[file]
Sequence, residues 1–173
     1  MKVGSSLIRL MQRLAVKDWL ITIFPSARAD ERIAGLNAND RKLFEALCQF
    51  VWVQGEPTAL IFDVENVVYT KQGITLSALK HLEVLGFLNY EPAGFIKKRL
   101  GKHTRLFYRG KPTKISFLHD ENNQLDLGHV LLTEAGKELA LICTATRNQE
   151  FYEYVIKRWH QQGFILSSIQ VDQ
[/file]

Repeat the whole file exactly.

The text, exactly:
Sequence, residues 1–173
     1  MKVGSSLIRL MQRLAVKDWL ITIFPSARAD ERIAGLNAND RKLFEALCQF
    51  VWVQGEPTAL IFDVENVVYT KQGITLSALK HLEVLGFLNY EPAGFIKKRL
   101  GKHTRLFYRG KPTKISFLHD ENNQLDLGHV LLTEAGKELA LICTATRNQE
   151  FYEYVIKRWH QQGFILSSIQ VDQ